Monster Says Caffeine Didn’t Kill 14-Year-Old Girl

Photo: Monster

In October, the parents of a 14-year-girl sued Monster after their daughter drank two 24-ounce cans and died from “cardiac arrhythmia due to caffeine toxicity complicating mitral valve regurgitation in the setting of Ehler’s-Danlos syndrome,” which is a heart condition. Now the company’s fighting back: Monster hired physicians to review Anais Fournier’s medical records, who found that she died naturally owing to a preexisting heart condition — and that no blood test confirmed the impact of caffeine. The mention of “caffeine toxicity” came after Fournier’s mother told the medical examiner that Fournier consumed energy drinks before her death; the examiner couldn’t confirm whether a blood test actually checked caffeine levels. Monster decided to announce these findings during a press conference.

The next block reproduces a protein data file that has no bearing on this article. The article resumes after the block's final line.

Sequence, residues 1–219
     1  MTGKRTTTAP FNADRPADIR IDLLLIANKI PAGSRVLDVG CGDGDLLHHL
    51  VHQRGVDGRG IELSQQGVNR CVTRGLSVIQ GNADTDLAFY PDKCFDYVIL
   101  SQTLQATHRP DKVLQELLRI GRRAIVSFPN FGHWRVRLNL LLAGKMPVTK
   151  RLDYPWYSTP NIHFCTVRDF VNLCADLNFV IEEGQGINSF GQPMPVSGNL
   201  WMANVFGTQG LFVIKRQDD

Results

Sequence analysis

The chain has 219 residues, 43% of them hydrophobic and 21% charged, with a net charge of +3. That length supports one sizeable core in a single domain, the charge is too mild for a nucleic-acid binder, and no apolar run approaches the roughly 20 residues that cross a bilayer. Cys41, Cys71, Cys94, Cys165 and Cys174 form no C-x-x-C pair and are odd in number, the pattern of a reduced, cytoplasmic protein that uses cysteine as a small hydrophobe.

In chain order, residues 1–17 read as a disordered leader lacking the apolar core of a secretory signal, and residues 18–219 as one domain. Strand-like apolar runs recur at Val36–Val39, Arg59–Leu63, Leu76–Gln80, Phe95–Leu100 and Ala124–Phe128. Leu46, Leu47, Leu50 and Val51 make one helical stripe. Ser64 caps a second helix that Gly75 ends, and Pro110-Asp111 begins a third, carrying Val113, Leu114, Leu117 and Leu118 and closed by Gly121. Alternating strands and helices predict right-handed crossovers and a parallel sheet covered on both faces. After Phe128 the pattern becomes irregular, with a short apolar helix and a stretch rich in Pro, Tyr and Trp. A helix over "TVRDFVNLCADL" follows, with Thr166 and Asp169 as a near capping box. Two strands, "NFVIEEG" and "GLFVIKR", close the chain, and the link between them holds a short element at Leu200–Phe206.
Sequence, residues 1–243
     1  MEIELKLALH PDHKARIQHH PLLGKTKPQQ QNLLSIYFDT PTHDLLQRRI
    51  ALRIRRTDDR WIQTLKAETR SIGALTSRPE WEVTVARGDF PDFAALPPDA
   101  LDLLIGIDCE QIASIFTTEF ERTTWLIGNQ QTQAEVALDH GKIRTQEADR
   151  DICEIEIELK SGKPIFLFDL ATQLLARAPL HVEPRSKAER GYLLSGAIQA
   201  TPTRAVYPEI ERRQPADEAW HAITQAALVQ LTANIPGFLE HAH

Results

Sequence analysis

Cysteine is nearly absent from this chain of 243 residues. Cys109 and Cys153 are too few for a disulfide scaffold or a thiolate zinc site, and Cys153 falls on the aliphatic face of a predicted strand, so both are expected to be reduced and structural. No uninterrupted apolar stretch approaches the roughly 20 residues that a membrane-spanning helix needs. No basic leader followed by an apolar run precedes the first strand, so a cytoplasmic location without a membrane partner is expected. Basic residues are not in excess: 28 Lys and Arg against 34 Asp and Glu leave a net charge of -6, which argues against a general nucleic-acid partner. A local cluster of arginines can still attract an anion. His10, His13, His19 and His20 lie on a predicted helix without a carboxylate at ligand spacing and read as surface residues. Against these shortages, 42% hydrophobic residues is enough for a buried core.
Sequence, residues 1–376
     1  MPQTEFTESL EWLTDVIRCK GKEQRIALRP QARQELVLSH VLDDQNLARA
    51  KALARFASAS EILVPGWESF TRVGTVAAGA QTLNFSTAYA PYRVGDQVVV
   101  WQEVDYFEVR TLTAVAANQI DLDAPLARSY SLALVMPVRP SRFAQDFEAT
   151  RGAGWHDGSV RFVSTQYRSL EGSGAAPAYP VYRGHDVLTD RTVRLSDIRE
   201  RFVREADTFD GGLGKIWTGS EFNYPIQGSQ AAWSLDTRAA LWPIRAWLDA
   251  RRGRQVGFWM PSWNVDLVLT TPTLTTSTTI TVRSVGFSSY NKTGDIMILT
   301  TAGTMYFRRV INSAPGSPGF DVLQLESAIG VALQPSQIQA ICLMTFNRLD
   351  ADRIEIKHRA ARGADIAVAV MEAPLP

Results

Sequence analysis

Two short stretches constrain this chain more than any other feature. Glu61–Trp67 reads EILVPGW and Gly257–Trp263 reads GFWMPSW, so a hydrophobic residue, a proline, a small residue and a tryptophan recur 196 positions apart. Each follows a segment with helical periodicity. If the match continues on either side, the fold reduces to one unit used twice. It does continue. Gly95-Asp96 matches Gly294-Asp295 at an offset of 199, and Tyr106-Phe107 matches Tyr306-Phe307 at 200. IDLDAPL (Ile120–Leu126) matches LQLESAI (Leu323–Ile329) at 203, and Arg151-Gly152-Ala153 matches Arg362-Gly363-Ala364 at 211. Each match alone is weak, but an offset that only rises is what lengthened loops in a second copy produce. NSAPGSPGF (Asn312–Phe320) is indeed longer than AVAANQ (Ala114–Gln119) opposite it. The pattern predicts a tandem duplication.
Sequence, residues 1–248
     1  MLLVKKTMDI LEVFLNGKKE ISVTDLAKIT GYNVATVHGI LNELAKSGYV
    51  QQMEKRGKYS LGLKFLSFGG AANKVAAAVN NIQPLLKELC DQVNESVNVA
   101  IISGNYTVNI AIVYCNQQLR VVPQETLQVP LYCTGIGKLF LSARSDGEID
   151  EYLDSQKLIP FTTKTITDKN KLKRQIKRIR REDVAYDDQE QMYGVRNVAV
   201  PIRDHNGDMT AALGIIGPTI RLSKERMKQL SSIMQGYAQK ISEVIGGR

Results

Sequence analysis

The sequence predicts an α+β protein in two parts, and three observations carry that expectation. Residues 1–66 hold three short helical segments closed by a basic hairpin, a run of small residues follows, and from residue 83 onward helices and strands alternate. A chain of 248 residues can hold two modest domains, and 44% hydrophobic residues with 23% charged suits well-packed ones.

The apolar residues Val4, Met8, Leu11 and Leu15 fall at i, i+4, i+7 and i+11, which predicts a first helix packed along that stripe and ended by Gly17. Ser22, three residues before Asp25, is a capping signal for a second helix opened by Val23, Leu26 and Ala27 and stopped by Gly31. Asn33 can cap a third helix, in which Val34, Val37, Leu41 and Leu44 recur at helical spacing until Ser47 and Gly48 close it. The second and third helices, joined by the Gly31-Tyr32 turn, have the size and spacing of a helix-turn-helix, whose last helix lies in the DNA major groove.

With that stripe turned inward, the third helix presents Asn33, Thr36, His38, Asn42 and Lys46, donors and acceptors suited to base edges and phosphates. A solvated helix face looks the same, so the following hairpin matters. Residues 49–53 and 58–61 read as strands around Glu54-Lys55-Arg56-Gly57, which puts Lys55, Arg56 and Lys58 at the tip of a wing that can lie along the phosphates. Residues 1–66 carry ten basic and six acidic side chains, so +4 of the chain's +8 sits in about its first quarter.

Monster’s also making the claim that Fournier frequently drank energy drinks and Starbucks beverages, which caused no prior problems for her. But that’s like saying that a drug addict had done heroin before without incident, so drugs must not be a cause of death. Fournier’s family’s lawyer negated Monster’s claims with a bold statement: “In America, a jury of our peers determines justice. Not doctors paid by billion-dollar corporations to attend press conferences.” The Fourniers should make sure to argue that Monster has been cited in at least six reports of death and over 30 reports of “adverse reactions.”

Earlier: Monster Energy Drinks Linked to at Least Five Deaths
Monster Hits Back at Lawsuit Over Teenager’s Death [AP]

Monster Says Caffeine Didn’t Kill 14-Year-Old Girl